At one point in the early to mid-1900s, S.H. Kress & Company operated more than 250 department stores in the southern and western U.S. In 1925, they added a Knoxville, TN, location, putting up a three-story building (plus a basement level) at 417 S. Gay Street. Knoxville’s Kress business has been gone for decades, but the building itself has remained a vital historical and architectural landmark on the downtown landscape.
Now the structure is finding new life as a multi-purpose development thanks to Thomas Boyd of Knoxville’s Jackson Central Group, which purchased the property in 2020. As he has with previous projects located primarily in Knoxville’s Old City, Boyd sees this new Gay Street endeavor as a way to revitalize a historic space while also filling areas of need for local businesses, residents and vacationers.
January 1937, Calvin M. McClung Historical Collection, Thompson Photograph Collection
When Boyd acquired the property from its previous owner, the main floor already featured one tenant—Fat Tuesday, a Mardi-Gras-themed cocktail bar—occupying a portion of the building’s 8,000-square-foot ground-floor footprint. Its neighbor will ultimately be Frothy Monkey, a Tennessee-based restaurant venture that promises a unique dining concept for downtown patrons.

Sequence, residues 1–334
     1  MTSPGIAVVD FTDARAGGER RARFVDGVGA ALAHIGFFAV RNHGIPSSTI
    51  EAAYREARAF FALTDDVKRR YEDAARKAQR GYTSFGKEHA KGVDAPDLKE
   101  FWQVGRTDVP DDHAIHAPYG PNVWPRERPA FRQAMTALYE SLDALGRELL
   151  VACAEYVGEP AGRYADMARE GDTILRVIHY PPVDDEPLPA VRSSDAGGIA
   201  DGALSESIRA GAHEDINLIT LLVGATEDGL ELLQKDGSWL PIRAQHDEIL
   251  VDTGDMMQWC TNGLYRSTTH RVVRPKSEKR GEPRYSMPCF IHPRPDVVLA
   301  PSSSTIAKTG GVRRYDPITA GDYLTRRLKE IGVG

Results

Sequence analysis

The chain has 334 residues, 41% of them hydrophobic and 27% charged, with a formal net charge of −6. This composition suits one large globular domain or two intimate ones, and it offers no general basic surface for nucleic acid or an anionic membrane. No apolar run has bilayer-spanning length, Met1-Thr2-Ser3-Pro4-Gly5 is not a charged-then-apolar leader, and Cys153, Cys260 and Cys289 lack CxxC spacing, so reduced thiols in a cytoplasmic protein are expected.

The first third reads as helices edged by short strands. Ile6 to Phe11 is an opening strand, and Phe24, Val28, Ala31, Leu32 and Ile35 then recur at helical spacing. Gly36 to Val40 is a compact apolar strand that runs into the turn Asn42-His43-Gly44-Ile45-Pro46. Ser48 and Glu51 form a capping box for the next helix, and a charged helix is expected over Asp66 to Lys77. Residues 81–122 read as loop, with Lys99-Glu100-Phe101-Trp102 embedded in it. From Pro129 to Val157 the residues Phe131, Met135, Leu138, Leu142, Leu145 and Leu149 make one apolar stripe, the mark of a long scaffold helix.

Boyd envisions the second floor, and possibly the third, being utilized as office space, although it’s possible the third floor might ultimately be subdivided into seven one-bedroom apartments. It all boils down to demand—not just from downtown’s nighttime and weekend visitors but also from the daytime business market. “Having more office space downtown would bring more workers in to help support all the local food-service and retail businesses here,” Boyd says. “Right now, a lot of the companies showing interest in downtown offices are based outside Knoxville—engineering and tech firms that have a lot of interest in opening an office here locally.”
The Kress Building’s basement could wind up being used for anything from office space to a restaurant/bar to a gym, any of which would benefit from both Gay Street and Strong Alley access. In addition, the building’s rooftop could serve as an open-air patio for tenants.
“This building is on one of the most populated and exciting blocks of Gay Street,” Boyd says. “It’s grown to be a focal point outside Market Square, and there’s still room for growth. This project is part of the last step of defining the 400 block of Gay. Leaving no unoccupied space on that block will be a statement for downtown—to finally get everything renovated and preserved to stay with us for the next 100 years.”
Boyd adds that historic buildings can sometimes be a hard sell for developers because of up-front restoration and rehabilitation costs, but he says he’s had enough experience with previous historic renovations that he is confident he can do the project justice and ultimately see a return on his investment.
“It’s a disservice to these buildings to renovate cheaply or incorrectly just to maximize the dollars,” Boyd says.
Learn more about other recent projects contributing to the growth of Downtown Knoxville.